Oscar and Song: Here's to the "Losers"
As Betty and I listened last month to a program of George Gershwin, Irving Berlin, Jerome Kern, Duke Ellington, Scott Joplin, Ferde Grofé and others presented by the New Mexico Symphony Orchestra, I thought to myself that American popular musicI'm talkin' Tin Pan Alley, folks, not the dreck that passes for "popular these dayshas to be some of the greatest music ever written, and that I'm lucky to have been around to hear and appreciate it.
A large part of that music was written for an explicit purpose: either a Broadway show or a Hollywood film. Through the years, Hollywood has given us a dazzling array of memorable songs, many of which were nominated for filmdom's top honor, the Academy Award, but came up short. The catalog of soon-to-be classics that were somehow overlooked on Oscar night is frequently baffling, sometimes amusing and at times even mind-boggling. Herewith a few modest examples:
The first song to win an Oscar was "The Continental, written by Irving Berlin for the Fred Astaire-Ginger Rogers musical comedy The Gay Divorcee. The runners-up were "Flying Down To Rio by Vincent Youmans, from the Astaire-Rogers film of that name (even though they weren't top-billed in that one), and Jack Benny's longtime theme song, "Love In Bloom, music by Ralph Rainger, lyrics by Leo Robin.
As it turns out, that was only the harbinger of powerful clashes to come. The competition heated up in 1935 when Al Dubin-Harry Warren's "Lullaby Of Broadway bested Berlin's "Cheek To Cheek and Kern-Dorothy Fields' "Lovely To Look At. Kern-Fields exacted a measure of revenge the following year, taking home the coveted statuette for "The Way You Look Tonight. Among the nominees were Cole Porter's "I've Got You Under My Skin and Arthur Johnston-Johnny Burke's "Pennies From Heaven.
What is most remarkable as one goes through the list of winners and "losers from the 1930s, 1940s and even 1950s is the number of eventual standards that were beaten by clearly mediocre contestants, starting in 1934 and continuing in 1937 when "Sweet Leilani, a lightweight song from the long-forgotten film Waikiki Wedding, somehow earned more votes than Sammy Fain-Lew Brown's "That Old Feeling and the Gershwin brothers' "They Can't Take That Away From Me. One can't disparage the winner in 1938, "Thanks For The Memory, wonderfully sung by Bob Hope and Shirley Ross in The Big Broadcast of 1938 (and beating out "Jeepers Creepers and "Change Partners ), or "Over the Rainbow from one of the following year's blockbusters, The Wizard Of Oz.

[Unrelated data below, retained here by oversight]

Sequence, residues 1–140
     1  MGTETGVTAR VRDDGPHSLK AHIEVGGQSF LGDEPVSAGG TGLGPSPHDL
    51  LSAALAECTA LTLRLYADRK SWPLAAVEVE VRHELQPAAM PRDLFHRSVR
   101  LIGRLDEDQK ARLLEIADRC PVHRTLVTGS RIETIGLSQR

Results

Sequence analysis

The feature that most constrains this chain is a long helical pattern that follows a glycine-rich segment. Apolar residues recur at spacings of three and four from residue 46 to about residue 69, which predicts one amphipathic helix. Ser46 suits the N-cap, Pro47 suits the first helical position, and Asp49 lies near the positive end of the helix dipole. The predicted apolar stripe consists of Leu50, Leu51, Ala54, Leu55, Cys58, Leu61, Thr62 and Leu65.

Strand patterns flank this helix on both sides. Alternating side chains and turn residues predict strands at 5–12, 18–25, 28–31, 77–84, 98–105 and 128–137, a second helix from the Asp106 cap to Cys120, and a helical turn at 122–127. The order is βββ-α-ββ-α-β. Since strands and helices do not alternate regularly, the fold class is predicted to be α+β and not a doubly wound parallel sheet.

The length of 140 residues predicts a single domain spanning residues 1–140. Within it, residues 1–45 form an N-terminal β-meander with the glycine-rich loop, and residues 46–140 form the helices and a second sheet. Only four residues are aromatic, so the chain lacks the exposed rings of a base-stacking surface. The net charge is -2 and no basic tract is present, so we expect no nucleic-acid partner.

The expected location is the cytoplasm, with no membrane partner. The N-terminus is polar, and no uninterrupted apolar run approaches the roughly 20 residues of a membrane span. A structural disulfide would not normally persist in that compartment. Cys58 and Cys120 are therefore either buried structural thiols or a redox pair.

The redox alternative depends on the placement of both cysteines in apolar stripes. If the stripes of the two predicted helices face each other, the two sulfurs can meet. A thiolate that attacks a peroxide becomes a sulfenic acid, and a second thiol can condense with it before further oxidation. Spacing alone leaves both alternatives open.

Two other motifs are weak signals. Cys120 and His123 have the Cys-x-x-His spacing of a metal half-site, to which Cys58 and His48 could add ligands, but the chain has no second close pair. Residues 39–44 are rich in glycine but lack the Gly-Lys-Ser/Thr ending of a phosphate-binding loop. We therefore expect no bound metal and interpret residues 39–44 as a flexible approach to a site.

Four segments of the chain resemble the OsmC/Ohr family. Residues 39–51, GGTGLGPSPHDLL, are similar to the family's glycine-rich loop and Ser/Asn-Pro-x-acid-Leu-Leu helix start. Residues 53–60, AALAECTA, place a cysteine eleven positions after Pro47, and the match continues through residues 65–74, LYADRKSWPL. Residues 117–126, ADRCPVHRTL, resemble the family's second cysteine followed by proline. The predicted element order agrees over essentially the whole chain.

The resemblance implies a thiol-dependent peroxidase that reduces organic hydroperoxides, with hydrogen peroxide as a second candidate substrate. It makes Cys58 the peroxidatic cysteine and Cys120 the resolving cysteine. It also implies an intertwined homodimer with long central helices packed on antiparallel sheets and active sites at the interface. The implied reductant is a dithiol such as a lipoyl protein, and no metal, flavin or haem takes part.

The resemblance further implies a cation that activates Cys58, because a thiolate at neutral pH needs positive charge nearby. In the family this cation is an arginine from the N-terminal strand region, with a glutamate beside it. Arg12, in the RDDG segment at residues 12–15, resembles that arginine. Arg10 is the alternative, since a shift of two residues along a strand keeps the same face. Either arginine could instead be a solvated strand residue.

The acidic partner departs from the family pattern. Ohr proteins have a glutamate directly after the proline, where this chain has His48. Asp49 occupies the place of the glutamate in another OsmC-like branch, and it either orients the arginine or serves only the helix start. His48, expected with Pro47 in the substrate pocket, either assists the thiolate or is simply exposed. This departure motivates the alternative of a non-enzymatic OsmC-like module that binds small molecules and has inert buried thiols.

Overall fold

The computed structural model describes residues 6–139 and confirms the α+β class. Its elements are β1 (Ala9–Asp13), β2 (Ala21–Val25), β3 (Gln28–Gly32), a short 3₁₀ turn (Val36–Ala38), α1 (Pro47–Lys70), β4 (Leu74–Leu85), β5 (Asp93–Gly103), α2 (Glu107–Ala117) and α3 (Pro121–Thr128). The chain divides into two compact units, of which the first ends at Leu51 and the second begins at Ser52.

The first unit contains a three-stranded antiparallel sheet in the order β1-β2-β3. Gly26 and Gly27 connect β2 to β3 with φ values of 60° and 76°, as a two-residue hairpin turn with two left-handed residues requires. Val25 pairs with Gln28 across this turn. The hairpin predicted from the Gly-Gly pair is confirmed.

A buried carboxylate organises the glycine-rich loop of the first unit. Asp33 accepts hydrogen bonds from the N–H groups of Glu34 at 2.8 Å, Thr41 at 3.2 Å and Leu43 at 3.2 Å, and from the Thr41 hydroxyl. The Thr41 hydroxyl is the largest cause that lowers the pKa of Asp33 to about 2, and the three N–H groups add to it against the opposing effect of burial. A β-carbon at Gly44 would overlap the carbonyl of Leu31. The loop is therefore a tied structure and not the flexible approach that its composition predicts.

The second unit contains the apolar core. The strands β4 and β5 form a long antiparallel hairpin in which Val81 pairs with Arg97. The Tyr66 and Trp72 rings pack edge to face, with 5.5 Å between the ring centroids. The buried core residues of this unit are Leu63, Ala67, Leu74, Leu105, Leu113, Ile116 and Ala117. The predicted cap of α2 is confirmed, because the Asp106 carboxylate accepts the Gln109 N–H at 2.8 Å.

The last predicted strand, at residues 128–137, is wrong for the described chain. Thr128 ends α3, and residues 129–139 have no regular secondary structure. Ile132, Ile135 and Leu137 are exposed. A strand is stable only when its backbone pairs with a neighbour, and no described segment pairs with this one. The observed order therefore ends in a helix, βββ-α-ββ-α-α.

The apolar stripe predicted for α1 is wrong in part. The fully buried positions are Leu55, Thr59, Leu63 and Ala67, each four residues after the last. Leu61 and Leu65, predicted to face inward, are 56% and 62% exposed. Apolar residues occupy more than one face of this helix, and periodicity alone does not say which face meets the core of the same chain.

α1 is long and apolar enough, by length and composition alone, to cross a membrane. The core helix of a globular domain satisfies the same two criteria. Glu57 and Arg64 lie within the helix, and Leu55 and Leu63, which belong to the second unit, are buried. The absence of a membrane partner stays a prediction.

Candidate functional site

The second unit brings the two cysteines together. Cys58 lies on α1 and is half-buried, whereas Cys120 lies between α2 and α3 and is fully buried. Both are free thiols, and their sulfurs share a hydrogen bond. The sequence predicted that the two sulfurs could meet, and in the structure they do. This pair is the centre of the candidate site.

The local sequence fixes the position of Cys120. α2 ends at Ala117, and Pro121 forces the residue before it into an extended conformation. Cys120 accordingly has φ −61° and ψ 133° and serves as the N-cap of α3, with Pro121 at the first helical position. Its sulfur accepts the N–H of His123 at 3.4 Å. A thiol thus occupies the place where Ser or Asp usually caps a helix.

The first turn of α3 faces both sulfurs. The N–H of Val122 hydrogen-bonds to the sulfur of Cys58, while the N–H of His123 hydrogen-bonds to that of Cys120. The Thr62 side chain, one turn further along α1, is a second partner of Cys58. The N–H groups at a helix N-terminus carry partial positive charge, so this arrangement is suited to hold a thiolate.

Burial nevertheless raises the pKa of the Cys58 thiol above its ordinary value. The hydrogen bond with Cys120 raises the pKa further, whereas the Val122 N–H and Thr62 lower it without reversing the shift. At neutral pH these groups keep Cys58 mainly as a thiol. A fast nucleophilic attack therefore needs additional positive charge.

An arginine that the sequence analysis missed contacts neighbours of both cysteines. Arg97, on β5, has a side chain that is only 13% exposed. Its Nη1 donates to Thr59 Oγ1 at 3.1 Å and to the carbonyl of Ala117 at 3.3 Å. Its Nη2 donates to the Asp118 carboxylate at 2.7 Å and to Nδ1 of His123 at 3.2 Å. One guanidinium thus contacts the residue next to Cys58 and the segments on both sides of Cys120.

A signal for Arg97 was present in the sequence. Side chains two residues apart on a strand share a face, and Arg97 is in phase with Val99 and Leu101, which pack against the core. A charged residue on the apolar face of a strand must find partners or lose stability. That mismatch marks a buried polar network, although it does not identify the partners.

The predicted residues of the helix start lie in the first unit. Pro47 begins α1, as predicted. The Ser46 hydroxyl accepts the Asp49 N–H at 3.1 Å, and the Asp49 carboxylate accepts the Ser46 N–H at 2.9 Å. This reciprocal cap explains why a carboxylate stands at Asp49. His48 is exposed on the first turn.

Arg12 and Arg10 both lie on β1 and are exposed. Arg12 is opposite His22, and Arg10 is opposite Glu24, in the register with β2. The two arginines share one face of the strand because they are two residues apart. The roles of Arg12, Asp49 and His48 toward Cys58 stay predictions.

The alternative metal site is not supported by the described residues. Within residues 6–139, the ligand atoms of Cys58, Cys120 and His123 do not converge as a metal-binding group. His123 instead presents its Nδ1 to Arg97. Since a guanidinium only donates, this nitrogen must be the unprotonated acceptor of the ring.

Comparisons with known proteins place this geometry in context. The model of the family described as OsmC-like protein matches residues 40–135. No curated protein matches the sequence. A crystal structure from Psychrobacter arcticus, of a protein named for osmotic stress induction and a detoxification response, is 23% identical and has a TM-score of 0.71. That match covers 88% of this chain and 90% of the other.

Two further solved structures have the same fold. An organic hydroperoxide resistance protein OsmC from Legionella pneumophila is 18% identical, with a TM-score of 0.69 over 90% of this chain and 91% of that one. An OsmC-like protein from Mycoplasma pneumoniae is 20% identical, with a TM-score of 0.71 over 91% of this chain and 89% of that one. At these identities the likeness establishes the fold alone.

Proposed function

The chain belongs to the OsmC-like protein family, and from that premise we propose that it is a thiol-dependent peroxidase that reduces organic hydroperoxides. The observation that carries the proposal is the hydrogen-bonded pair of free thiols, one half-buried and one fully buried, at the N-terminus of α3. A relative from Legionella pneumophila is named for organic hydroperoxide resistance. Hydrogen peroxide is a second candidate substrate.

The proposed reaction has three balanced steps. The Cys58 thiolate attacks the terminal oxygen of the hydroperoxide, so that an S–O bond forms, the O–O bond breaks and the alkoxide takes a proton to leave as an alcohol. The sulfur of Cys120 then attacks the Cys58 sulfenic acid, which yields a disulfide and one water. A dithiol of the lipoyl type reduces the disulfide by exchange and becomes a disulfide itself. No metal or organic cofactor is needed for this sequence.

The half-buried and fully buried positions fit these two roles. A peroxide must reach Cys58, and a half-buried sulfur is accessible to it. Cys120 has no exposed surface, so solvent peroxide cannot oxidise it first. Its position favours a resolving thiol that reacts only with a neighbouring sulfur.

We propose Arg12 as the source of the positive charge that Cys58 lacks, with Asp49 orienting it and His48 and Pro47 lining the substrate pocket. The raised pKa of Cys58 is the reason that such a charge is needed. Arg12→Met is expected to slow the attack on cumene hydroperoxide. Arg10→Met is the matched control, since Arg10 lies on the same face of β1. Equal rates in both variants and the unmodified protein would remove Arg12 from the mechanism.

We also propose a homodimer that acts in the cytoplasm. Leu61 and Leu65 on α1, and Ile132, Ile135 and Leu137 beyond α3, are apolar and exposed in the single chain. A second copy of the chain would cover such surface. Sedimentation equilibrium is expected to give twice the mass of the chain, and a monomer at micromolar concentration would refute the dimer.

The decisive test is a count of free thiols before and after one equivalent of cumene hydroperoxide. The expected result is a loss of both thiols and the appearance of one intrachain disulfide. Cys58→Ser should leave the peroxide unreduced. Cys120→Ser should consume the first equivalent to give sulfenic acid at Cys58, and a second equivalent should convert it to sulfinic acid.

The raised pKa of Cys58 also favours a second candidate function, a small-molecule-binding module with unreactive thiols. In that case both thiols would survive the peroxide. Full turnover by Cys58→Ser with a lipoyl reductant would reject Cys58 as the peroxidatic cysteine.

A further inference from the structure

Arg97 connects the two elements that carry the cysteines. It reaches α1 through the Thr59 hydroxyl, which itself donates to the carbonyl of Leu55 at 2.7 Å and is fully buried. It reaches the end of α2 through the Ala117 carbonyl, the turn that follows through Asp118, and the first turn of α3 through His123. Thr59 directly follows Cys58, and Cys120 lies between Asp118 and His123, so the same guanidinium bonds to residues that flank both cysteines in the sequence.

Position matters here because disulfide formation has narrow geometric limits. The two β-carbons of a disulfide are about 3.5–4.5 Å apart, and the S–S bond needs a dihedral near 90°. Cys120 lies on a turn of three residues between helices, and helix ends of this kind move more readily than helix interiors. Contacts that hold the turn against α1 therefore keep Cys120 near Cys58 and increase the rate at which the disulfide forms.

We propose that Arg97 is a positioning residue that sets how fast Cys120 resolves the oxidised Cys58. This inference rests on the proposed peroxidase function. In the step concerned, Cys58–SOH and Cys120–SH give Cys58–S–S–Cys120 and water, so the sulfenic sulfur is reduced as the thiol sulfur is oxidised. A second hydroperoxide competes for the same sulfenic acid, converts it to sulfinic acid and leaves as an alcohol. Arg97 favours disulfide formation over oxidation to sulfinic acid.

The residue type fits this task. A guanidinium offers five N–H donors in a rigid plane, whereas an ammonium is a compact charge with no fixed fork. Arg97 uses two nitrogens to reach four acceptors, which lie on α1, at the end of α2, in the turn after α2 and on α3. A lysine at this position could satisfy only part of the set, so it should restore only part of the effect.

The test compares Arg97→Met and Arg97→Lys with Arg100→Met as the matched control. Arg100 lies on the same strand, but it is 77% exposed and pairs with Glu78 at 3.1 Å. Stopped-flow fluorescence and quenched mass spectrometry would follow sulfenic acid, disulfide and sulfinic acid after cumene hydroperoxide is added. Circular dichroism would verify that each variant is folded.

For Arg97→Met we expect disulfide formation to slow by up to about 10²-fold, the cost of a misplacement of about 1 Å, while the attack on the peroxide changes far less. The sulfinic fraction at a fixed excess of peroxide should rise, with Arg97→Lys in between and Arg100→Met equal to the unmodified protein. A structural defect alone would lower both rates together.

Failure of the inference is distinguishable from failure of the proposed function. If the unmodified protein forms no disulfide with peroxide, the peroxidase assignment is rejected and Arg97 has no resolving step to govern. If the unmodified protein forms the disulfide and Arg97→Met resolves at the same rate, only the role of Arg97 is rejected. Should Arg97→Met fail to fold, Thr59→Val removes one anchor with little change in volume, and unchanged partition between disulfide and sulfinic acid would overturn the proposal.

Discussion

1939, by the way, is considered by many to be the finest year in Hollywood history, a remarkable span in which Gone with the Wind was named best picture, vanquishing a number of formidable contenders: Dark Victory, Goodbye Mr. Chips, Love Affair, Mr. Smith Goes To Washington, Ninotchka, Of Mice And Men, Stagecoach, Wuthering Heights and the aforementioned Oz. Clark Gable, by the way, did not win an Oscar for his magnificent portrayal of Rhett Butler in Gone With The Wind, losing to Robert Donat in Goodbye Mr. Chips.
Leigh Harline-Ned Washington's "When You Wish Upon A Star (from Disney's Pinocchio) nabbed the top prize for a song in 1940, after which things really started to get interesting. The Oscar winner in 1941 was "The Last Time I Saw Paris, undoubtedly a sentimental favorite as the Germans were overrunning France, with Harold Arlen-Johnny Mercer's sardonic love lesson, "Blues In The Night, and Harry Warren-Mack Gordon's upbeat "Chattanooga Choo Choo among the also-rans.
I wouldn't have wanted to be a voter in 1942, being asked to choose from among Kern-Mercer's "Dearly Beloved, Ralph Freed-Burton Lane's "How About You?, Jule Styne-Sammy Cahn's "I've Heard That Song Before, Warren-Gordon's "I've Got A Gal in Kalamazoo, Frank Churchill-Larry Morey's "Love Is A Song (from Bambi) and the eventual winner, Irving Berlin's masterpiece from Holiday Inn, "White Christmas. It didn't get any easier in 1943, as Warren-Gordon's "You'll Never Know (sung by Alice Faye in Hello, Frisco, Hello) took home the Oscar, besting, among others, Arlen-Mercer's "My Shining Hour, Arlen-E.Y. Harburg's "Happiness Is A Thing Called Joe, Arlen-Mercer's "That Old Black Magic and Porter's "You'd Be So Nice To Come Home To. Talk about a Golden Age of Hollywood song-writing!